I hope that helps give you guys an idea of what we actually do here in dental school, and especially gives you something to look forward to (?) for any of my pre-dental readers out there. Obviously more than teeth. Dental-specific things actually make up a very small percentage of our course-load in first year. We do start a new lab course, Occlusion, soon and next semester will get into the trenches of Operative (i.e. drilling, restorations, etc).

fallExams are roughly once a week, give or take. They cover a LOT of material, though. Every week in itself pretty much mentally feels like the roller coaster of finals hell/post-finals heaven of undergrad. The test today was over 14 separate lectures (our lectures are two hours mostly…). So when everyone thinks my new life in Philly is the glamorous colorful display you only see on Instagram, think again. Most days are hard, long, and monotonous, but I just make it a point to stop and smell the roses. Or stop and see the trees you could say. Or stop and buy the donuts. I want to constantly live in a place of gratitude. It is so easy to quickly forget how hard we worked our butts off for four years in undergrad and even longer for others to get to this point. I really strive to keep at the forefront of my mind the faithfulness of God to have carried me this far, and that I really am only here by his grace and goodness. When people only complain all the time about school – any kind but especially grad school – I just want to look at them and say, “But you wanted this remember? Thousands of people would give anything to be in our place right now.” Try to remember how you felt this time last year desperately awaiting that December 1st acceptance day, friends. Education is a GIFT, y’all. A gift that we’re paying hundreds of K for, but still 🙂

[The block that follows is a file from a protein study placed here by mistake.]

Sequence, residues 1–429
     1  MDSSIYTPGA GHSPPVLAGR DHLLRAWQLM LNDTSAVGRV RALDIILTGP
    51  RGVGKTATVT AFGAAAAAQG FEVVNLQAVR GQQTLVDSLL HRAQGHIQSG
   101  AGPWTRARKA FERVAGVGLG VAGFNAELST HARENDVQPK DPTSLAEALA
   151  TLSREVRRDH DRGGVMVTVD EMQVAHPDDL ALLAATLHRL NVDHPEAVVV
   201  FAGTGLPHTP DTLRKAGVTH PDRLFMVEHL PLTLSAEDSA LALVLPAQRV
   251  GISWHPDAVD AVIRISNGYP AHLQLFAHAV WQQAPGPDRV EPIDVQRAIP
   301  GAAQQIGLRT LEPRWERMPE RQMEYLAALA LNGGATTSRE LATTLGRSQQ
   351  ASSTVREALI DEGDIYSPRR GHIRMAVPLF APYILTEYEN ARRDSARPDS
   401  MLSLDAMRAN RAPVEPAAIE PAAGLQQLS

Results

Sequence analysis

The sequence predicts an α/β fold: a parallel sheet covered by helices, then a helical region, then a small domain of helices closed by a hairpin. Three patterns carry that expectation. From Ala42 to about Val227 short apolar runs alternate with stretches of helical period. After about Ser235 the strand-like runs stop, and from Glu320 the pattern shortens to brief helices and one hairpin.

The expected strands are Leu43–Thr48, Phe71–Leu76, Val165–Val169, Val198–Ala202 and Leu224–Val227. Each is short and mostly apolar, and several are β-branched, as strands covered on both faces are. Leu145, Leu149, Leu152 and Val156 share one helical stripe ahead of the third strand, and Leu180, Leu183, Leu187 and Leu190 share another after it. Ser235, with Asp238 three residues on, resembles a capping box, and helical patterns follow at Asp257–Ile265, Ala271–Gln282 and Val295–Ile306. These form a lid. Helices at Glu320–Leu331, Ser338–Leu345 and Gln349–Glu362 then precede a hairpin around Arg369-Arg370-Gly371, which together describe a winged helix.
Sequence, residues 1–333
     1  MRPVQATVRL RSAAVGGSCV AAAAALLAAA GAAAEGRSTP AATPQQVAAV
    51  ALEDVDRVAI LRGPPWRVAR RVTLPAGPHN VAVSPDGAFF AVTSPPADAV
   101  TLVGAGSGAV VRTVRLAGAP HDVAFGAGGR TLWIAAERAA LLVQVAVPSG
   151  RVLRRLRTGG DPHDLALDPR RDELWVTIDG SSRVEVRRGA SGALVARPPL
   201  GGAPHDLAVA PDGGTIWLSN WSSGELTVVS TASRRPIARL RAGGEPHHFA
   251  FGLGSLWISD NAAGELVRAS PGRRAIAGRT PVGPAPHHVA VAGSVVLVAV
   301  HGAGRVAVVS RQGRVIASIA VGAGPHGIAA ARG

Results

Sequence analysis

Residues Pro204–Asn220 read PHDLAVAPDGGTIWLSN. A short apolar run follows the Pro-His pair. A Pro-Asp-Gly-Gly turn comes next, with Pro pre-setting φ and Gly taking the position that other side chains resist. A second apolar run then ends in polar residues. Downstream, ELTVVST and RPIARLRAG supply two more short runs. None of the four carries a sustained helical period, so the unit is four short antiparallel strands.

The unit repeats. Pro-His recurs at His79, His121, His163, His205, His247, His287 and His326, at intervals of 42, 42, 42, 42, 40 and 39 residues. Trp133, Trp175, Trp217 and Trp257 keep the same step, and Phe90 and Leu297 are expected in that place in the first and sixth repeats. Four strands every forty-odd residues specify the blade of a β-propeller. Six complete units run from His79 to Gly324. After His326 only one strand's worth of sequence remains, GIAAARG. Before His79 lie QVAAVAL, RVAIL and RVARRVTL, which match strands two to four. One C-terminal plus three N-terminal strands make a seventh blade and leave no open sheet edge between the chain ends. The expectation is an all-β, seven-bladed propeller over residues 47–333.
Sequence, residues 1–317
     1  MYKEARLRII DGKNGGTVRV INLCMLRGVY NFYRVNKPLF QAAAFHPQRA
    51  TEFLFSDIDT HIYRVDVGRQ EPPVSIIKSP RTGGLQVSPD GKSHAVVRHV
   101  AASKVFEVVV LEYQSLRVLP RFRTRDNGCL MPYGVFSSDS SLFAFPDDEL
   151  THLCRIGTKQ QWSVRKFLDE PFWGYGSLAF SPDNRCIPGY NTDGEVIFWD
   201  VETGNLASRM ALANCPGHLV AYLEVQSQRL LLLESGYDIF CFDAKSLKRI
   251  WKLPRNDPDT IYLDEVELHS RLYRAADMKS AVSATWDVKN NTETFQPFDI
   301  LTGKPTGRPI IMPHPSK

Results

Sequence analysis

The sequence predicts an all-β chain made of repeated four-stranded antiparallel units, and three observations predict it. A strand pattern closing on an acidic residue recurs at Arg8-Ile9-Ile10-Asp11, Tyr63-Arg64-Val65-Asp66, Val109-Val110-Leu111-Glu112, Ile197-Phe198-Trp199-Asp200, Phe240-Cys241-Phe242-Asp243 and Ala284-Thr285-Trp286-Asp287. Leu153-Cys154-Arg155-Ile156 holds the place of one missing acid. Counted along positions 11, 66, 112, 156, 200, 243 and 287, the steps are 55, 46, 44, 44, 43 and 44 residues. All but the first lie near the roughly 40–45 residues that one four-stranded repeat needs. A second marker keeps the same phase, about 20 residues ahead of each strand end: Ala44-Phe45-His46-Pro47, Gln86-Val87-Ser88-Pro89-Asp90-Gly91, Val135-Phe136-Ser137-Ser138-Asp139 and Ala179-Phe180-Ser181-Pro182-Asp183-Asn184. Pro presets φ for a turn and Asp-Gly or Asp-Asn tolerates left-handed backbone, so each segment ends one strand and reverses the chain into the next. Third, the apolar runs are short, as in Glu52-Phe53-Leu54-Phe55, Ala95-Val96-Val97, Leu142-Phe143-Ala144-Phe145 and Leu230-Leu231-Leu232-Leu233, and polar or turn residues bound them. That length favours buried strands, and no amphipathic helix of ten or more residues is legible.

You all know how much of a proponent of self-therapy I am (shout out to Yesle and JJ, you two constantly remind me that it’s ok and good to make me and health a priority some days), and today was chock full of it. On top of the immediate post-exam Federal Donuts run to share sweet warm goodness with some of my classmates, Sarah and I went out and about after class ended at an earlier three o clock today. By the way, I miss those days when getting out at three felt so late. I indulged and bought my favorite magazine (how could I NOT with that cover title that is basically my life motto?) and purchased some new business-y digs for ASDA’s NLC THIS weekend! I hate that retail therapy is such a real thing, even when it’s something as simple as a pencil skirt. To top it all off we won these adorable and sassy Sweetgreen totes. magPost-exam nights are my favorite. I had to laugh when I asked Sarah if she wanted to look in Urban Outfitters, too, while we were walking around. I told her I didn’t need to spend anymore money and she said, “Yeah me neither, but I love just going in places and not feeling like a student for a little bit.” Preach, sister, preach. The epitome of dental school feels like just that. One night you’re cramming until 2 am, hyped up on double shot espressos, locked away in the Sky lounge, and questioning your decision to choose this long and narrow road (and maybe when you last washed your hair). Fast forward to the next day, when things as simple as trying on cozy scarves, dipping hearty bread in a hot bowl of chili, and reading the covers of all the glorious books in the bookstore you want to read make you feel a little more human.